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Confirmation Bias, Perhaps?

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Here’s a letter to the Washington Post:

Fareed Zakaria writes that “The most comprehensive comparative study, done last year by the Organization for Economic Cooperation and Development, found that ‘upward mobility from the bottom’ … was significantly lower in the United States than in most major European countries, including Germany, Sweden, the Netherlands and Denmark” (“The downward path of upward mobility [2],” Nov. 10).

Not so.

Here are this OECD-study’s [3] three bullet points summarizing findings on economic mobility directly (rather than findings on the connection between family background and educational achievement).  Does the U.S. stand out from “major European countries”?

“* Parental or socio-economic background influences descendants’ educational, earnings and wage outcomes in practically all countries for which evidence is available.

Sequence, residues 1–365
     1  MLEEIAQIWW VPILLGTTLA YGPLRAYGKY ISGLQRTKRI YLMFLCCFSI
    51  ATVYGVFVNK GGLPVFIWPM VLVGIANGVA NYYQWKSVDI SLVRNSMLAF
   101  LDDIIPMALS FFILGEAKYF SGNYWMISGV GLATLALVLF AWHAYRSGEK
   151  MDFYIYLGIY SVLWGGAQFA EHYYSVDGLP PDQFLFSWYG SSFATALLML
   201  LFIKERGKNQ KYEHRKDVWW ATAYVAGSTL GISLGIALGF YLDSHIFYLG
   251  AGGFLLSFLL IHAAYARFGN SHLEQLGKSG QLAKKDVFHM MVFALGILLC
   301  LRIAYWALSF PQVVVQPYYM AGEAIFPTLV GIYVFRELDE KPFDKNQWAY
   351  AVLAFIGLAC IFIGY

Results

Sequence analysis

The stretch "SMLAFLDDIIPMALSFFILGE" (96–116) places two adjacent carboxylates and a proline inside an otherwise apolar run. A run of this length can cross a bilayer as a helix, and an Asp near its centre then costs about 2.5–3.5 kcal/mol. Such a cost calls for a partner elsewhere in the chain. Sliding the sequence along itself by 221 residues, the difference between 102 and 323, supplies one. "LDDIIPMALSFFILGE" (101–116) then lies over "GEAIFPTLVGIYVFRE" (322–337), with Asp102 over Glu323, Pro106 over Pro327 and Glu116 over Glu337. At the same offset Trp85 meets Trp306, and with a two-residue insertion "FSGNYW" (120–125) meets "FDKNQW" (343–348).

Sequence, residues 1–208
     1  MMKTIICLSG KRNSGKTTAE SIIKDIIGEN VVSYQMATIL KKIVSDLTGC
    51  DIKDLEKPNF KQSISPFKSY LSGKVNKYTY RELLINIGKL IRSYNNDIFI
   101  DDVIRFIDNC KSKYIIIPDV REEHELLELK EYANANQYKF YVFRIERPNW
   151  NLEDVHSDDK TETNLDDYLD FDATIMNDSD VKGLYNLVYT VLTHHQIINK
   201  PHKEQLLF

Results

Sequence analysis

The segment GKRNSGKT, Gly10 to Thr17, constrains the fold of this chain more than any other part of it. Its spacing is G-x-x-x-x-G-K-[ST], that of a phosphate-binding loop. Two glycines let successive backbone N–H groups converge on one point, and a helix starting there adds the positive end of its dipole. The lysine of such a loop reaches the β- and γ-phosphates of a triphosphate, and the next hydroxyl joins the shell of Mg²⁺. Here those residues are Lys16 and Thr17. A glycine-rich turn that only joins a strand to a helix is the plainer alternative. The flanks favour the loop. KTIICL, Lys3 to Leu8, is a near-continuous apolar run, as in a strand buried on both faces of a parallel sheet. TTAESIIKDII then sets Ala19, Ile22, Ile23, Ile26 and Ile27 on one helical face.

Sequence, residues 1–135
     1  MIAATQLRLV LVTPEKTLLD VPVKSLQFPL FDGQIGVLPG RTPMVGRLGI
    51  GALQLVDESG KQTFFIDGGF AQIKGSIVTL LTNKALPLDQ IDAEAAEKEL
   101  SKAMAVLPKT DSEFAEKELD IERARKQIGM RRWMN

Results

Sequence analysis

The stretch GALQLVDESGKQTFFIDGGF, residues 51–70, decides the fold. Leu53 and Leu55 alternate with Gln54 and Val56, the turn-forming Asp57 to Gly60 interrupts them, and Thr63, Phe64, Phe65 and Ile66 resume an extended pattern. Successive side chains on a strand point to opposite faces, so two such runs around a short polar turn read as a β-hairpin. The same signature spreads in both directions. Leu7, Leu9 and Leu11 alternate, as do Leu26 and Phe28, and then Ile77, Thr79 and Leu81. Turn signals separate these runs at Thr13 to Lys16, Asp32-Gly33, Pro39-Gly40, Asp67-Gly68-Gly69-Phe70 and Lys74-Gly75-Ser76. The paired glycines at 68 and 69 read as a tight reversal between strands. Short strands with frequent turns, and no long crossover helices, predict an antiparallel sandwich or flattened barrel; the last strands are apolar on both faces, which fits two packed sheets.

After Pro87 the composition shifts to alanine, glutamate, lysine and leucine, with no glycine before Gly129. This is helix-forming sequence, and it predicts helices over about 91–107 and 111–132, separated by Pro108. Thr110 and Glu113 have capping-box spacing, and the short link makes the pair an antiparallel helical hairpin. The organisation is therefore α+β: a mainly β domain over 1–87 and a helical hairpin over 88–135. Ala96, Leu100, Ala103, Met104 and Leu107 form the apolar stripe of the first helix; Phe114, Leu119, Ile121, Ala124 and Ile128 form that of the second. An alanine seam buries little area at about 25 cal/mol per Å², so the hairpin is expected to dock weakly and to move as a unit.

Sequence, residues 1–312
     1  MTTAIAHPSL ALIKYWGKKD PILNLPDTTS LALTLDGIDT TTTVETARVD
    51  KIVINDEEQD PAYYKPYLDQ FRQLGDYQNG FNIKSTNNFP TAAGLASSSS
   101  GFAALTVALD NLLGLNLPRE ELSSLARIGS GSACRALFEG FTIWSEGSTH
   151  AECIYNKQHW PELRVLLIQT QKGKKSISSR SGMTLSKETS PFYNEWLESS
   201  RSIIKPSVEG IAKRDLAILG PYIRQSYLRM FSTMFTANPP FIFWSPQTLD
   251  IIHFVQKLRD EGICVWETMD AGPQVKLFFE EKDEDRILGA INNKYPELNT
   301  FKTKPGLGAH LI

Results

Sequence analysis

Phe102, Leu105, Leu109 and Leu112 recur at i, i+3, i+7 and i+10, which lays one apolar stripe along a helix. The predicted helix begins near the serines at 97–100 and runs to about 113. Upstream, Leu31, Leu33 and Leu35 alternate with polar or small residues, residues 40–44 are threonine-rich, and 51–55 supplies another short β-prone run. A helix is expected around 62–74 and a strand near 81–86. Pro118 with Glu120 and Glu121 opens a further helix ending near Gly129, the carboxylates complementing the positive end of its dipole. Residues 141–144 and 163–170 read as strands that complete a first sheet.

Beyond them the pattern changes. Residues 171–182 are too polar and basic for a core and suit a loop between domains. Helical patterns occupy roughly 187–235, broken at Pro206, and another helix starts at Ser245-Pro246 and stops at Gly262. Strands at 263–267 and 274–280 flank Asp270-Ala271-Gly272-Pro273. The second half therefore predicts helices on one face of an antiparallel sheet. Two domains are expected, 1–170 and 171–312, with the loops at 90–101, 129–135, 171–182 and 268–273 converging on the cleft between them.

“* Mobility in earnings across pairs of fathers and sons is particularly low in France, Italy, the United Kingdom and the United States, while mobility is higher in the Nordic countries, Australia and Canada.

“* Across European OECD countries, there is a substantial wage premium associated with growing up in a better-educated family, and a corresponding penalty with growing up in a less-educated family. The premium and penalty are particularly large in southern European countries, as well as in the United Kingdom. The penalty is also high in Luxembourg and Ireland. In these countries the wage premium is more than 20%, while the penalty is some 16% or more (relative to wages earned by individuals raised in a family with average education).”

As for this study’s other measures of social mobility (which examine family-background’s influence on students’ educational achievements), on these, too, U.S. mobility simply does not stand out as being significantly or consistently lower than in other – including major European – countries.

Donald J. Boudreaux